Outer House case in which the Baron of Bachuil sought an interdict preventing the use of an access way across his property over which Mr Paine and his partner claimed a servitude existed to a croft (Croft Ballimackillichan). Mr Paine was the uninfeft (the disposition in his favour was awaiting registration) proprietor of the croft and his partner was a tenant at the croft.
Mr Paine argued:
- That an action had been heard at the Sheriff Court in Oban in 1899 at which it was found that a public right of way existed along a longer route of which the disputed access was part. Although the public right of way was no longer in use, Mr Paine argued that a private right remained flowing from the findings in 1899. As a result of the doctrine of res judicata (i.e. that a matter which has already been judged cannot be subject to further litigation), Mr Paine contended that the Baron could not challenge the servitude.
- That, following the comments by the Baron’s parents (when the Baron’s father was the sole proprietor of the property) indicating acceptance of the presence of the servitude (on which Mr Paine had relied when purchasing the croft), the Baron was personally barred from challenging the servitude.
Lord Turnbull found that Mr Paine’s plea based on res judicata was irrelevant. The case had established a public right of way over a longer route in 1899 and did not confer a private right on anyone. It did not operate to found a right of servitude on the owner of the croft more than 100 years later. The parties, subject matter and facts on which the decision was made were different in each case.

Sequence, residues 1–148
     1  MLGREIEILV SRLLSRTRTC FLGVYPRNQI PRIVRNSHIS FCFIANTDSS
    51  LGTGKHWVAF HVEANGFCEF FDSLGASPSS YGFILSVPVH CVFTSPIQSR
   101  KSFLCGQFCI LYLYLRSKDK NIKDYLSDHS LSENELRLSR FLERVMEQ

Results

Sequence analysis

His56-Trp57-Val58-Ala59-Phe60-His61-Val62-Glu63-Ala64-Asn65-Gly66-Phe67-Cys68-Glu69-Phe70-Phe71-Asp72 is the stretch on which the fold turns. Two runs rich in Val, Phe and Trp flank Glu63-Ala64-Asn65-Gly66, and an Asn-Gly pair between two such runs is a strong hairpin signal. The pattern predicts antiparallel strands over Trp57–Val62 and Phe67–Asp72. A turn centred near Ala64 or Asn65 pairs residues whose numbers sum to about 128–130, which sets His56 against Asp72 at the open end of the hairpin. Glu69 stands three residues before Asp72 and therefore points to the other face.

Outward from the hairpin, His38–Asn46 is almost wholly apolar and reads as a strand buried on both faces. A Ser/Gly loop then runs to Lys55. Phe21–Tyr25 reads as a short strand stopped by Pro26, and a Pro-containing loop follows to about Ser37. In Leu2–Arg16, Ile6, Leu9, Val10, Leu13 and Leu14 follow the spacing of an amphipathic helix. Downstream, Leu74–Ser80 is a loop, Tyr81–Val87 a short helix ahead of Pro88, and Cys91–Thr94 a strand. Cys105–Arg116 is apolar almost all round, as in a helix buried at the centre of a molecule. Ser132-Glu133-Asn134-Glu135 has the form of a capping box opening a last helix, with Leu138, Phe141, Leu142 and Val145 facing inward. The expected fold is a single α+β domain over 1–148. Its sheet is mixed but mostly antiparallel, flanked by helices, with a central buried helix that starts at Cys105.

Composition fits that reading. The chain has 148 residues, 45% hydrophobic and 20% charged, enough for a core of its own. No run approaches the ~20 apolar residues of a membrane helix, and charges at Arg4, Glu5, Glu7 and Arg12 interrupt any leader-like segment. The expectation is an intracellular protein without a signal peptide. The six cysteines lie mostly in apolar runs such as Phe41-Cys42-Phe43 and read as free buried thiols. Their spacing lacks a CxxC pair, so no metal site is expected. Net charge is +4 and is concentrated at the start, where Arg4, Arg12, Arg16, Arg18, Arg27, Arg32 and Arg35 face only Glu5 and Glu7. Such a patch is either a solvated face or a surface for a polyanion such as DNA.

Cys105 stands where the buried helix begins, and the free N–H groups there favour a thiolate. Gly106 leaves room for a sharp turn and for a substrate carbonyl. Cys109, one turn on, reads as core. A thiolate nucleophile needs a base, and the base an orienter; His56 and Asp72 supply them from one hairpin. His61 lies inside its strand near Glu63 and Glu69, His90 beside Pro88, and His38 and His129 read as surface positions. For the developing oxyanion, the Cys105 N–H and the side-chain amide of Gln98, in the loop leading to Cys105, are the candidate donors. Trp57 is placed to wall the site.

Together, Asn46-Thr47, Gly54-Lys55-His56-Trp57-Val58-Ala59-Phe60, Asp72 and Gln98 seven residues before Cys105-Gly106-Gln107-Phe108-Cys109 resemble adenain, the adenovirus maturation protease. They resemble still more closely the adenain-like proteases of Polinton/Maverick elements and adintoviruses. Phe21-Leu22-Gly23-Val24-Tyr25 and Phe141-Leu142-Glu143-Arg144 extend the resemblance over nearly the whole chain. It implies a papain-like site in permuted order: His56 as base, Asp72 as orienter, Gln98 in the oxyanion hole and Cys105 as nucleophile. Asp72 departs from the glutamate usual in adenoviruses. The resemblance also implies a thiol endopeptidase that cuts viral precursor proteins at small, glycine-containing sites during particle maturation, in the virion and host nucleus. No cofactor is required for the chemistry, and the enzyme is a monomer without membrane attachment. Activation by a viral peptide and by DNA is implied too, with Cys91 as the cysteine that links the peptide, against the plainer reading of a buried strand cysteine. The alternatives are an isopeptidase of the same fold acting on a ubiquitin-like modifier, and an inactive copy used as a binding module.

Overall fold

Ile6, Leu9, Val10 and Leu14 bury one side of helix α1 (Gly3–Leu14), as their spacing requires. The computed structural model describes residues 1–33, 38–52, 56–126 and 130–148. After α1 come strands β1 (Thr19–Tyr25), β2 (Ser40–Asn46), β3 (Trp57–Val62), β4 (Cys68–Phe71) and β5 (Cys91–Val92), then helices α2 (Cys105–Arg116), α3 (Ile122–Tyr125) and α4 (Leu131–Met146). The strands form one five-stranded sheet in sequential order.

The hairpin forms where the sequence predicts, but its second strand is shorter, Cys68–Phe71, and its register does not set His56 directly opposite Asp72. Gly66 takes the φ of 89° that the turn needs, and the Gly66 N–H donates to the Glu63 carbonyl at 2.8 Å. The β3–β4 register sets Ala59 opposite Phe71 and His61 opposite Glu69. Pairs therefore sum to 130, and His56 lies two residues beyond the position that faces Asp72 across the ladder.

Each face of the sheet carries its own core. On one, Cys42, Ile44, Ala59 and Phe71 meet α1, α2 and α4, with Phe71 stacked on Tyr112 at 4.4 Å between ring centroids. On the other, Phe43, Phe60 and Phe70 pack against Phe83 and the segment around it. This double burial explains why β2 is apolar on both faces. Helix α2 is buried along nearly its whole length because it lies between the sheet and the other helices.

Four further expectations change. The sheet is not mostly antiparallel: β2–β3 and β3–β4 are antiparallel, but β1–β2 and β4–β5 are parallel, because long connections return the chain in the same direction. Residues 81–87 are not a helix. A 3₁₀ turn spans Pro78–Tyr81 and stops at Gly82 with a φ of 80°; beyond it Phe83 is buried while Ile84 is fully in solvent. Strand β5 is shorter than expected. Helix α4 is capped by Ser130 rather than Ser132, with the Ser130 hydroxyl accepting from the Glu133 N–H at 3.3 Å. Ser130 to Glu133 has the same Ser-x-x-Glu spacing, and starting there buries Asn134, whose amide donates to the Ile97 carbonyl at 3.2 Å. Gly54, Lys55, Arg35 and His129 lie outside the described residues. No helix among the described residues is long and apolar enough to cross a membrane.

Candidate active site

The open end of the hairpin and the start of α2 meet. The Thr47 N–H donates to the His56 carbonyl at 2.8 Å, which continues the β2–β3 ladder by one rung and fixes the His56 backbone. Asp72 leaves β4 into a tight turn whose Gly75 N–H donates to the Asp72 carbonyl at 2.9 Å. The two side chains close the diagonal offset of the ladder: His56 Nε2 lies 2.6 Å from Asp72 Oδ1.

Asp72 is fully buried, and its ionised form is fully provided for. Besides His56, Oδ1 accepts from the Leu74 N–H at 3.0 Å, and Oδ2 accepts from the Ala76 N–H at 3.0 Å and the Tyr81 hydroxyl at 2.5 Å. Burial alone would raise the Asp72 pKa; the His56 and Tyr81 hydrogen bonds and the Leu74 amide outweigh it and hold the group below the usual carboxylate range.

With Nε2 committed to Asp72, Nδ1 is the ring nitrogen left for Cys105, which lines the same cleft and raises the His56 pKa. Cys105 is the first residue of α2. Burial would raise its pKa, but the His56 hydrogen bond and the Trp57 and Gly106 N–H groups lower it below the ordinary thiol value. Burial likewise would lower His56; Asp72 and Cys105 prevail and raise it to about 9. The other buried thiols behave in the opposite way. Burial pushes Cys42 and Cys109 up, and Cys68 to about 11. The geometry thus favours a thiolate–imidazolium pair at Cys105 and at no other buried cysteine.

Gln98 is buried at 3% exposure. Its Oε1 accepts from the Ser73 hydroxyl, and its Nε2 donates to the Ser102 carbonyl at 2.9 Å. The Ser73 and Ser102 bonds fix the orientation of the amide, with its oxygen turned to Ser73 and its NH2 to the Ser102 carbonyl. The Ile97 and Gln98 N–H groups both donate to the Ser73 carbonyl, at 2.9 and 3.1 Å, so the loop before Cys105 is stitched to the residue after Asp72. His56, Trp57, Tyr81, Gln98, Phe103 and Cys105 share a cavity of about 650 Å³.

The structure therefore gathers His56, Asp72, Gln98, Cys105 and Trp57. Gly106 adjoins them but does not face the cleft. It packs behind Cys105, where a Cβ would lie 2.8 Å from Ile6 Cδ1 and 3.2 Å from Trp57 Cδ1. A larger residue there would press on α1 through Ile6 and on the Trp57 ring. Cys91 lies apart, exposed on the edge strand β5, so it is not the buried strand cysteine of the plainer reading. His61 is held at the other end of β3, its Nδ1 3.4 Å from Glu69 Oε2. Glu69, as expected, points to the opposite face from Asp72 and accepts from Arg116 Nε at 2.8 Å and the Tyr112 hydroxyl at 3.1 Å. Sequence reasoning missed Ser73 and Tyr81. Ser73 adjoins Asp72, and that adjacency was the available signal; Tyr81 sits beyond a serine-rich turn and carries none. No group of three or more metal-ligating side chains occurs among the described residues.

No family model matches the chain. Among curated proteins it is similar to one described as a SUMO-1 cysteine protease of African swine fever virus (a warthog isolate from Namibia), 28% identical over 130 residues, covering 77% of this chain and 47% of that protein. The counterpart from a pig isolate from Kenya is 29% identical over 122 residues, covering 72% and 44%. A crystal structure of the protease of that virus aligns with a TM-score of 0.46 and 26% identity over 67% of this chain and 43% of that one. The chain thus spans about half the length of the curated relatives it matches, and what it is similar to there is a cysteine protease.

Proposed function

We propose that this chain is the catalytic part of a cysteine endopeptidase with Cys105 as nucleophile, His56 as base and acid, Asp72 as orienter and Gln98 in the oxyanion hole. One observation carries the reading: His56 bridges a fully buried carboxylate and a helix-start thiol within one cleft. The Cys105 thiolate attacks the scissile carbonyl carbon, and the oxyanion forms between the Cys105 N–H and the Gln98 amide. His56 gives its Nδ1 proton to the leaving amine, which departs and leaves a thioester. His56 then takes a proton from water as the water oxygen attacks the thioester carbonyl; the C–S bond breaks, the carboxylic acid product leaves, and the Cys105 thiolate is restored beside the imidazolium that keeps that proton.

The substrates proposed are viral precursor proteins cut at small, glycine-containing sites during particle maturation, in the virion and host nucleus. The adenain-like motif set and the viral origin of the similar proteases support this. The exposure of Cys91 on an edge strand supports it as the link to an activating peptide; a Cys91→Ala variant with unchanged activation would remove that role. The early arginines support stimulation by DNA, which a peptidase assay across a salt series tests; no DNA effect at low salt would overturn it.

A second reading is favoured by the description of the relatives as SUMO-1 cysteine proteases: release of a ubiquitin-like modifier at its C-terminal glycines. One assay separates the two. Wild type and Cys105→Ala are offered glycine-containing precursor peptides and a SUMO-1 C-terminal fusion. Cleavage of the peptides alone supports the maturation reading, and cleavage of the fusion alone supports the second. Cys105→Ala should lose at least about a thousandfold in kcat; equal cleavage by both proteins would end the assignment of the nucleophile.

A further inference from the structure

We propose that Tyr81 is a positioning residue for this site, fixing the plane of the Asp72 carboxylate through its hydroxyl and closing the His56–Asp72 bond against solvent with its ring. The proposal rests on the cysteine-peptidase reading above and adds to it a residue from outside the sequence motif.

With regard to personal bar, Lord Turnbull found that, although it was only the Baron’s father’s comments which could found a plea of personal bar (he was the sole proprietor) and the comments relied on were mainly made by his mother, the father’s comments went further than a mere failure to dissent and could be construed as representations regarding access to the croft. As their weight might depend on the nature and detail of the conversation, Lord Turnbull allowed a proof at which Mr Paine would have the opportunity of leading evidence on that aspect of his case on personal bar.
Title to defend
Lord Turnbull also agreed with the Baron’s argument that Mr Paine’s partner had no title to defend the action. As a dispute over the existence of a servitude, the matter was one which concerned only the heritable proprietors of the two properties. Although the partner was a tenant, there was no evidence that the croft was let with a right of servitude in favour of the tenant.
The full judgement is available from Scottish courts here.